As I may have mentioned a number of times before, I could never get bored of Italian food. So when Il Milione in Hutchison House closed down and was replaced by yet another Italian restaurant, Osteria Felice, I was ready and waiting to try it.
That ground floor space in Hutchison House always seems to me a bit of a tricky location for a restaurant, since it’s a bit hidden away and only really accessible to those who work in the immediate vicinity. It’s a huge space with no windows and definitely wouldn’t be somewhere you’d stumble upon by chance; you’d have to know it was there in order to go there. That said, Osteria Felice has made great use of the space. There’s a stunning bar stacked high with any and every spirit you can imagine as you enter. Here, they offer happy hour every day between 5pm to 8pm, which includes complimentary snacks.
As well as a wide selection of classic and modern cocktails, you also have the option of creating your own bespoke Martini. First, choose from a selection of premium vodkas and gins, then decide how dry you’d like it, then choose from a selection of bitters, then add a finishing touch and finally a garnish. You get your own little clipboard and pen to design your ideal Martini.
The restaurant itself, although large, doesn’t feel overwhelmingly so, and neither does it seem pretentious, as its predecessor did. Instead, to remind people that eating out should be a happy occasion shared with friends (‘felice’ means happy in Italian), the walls feature photographs of people laughing and smiling, a sweet touch that makes the space seem much more casual and inviting than before.
The seasonal menu, designed by Epicurean Group’s executive chef, Brian Moore, features traditional cooking styles from the different regions in Italy. We began with possibly the best roast bone marrow I have ever tasted. They cook the bone marrow to medium-rare, to ensure it stays buttery and smooth. Spread onto the accompanying grilled bread, this was quite honestly heavenly.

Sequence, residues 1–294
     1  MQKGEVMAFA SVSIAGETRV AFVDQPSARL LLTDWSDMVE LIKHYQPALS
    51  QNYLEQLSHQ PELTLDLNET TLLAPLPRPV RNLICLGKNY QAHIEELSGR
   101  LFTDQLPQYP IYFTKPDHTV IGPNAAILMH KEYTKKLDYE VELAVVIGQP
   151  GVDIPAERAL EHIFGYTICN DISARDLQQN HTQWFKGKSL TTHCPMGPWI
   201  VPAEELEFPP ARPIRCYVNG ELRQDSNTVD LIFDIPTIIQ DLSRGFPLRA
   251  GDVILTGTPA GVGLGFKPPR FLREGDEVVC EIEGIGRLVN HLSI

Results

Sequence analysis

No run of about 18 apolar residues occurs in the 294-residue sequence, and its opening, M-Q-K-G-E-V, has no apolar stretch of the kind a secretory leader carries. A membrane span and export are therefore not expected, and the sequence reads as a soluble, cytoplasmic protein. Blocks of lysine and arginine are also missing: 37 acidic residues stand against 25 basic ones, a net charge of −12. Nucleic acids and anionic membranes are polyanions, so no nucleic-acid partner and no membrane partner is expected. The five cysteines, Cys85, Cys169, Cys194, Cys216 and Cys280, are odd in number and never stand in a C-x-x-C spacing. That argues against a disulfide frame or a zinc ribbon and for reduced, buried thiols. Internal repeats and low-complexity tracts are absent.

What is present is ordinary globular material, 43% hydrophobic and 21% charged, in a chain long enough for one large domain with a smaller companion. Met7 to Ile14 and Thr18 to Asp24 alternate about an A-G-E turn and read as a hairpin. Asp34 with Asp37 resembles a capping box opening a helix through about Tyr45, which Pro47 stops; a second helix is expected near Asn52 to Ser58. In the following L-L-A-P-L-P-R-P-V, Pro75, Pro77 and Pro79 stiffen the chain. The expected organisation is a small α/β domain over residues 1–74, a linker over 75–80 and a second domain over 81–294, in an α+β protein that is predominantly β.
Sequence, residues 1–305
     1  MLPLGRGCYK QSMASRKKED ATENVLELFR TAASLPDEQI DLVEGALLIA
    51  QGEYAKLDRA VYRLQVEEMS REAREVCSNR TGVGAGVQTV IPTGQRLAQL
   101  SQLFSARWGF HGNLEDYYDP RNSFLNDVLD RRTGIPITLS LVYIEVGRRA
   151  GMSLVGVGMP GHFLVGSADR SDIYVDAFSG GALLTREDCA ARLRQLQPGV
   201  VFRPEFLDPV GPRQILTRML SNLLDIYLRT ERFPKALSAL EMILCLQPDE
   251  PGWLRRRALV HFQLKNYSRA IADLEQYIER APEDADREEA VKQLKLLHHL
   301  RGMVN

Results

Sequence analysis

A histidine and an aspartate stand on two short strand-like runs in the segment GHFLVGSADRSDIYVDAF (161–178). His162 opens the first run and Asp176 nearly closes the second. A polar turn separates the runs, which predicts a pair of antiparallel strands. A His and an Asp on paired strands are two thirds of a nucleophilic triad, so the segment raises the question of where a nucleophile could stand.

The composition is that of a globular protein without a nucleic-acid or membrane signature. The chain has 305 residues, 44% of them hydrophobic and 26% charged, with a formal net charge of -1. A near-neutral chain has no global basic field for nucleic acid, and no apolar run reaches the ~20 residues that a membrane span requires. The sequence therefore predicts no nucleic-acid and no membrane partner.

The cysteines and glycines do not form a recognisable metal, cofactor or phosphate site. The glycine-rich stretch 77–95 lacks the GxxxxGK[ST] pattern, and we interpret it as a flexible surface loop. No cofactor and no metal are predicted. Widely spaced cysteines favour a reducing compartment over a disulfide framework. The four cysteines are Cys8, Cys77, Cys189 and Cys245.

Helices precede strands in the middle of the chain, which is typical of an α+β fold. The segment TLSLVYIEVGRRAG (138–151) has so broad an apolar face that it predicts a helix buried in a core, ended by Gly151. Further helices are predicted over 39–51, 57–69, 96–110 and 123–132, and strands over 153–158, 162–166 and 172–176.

I was less impressed by the vitello tonnato, which is usually one of my favourite Italian dishes. The meat was a little on the chewy side, and I felt it needed a caper or two to bring out the flavour of the sauce. The little gem salad, which was basically a Niçoise salad, was also rather disappointing.
The Tuscan cold cuts, however, from an indigenous breed of Tuscan pigs called Cinta Senese, were delicious. These pigs are apparently leaner than others, and offer a much more intense flavour. My favourite was the culatello.
We also sampled a selection of mozzarella, which included classic mozarrella, fior di latte and burrata, each one incredibly light, creamy and divine.
I was a little confused, initially, by the roast chicken and Parmesan sandwich that came served in chicken broth, yet I soon realised that this was in fact the perfect comfort food for that particularly miserable winter’s evening.
Whether it’s due to its tongue-like appearance or unusual flavour I’m not entirely certain, but sea urchin is something I usually go out of my way to avoid. That said, however, I did very much enjoy the squid ink linguine with Hokkaido sea urchin. I didn’t eat much of the urchin itself, but the pasta was beautifully al dente and carried a lovely flavour.
The garganelli pasta with pork and beef ragu was also absolutely stunning and, again, the perfect comfort food for a dreary and drizzly evening.
The last of the savoury dishes was an incredible veal Milanese that was so big it could have fed the whole restaurant! We only managed one slice each, which meant I enjoyed a feast of leftovers the following evening. The veal was wonderfully tender and flavoursome, served with fresh rocket and juicy cherry tomatoes to balance the richness.
For some reason I thought it would be a great idea to not only cut out alcohol for the month of January, but sugar too! I therefore ate vicariously through my guinea pig friend who told me the tiramisu was not the best she’d ever tasted, yet the chocolate fondant served with mozzarella gelato definitely was.
Prices at Osteria Felice are much more affordable than those of its predecessor; you could probably expect to pay around $500 per person for a filling meal, without drinks. Service was excellent with staff able to give detailed descriptions not only of the dishes themselves, but of the cooking methods and reason behind these. Although Osteria Felice may involve a little forethought to get to, it’ll be well worth it once you’re there.
Shop 16-21, G/F, Hutchison House
10 Harcourt Road
Tel: +852 2516 6166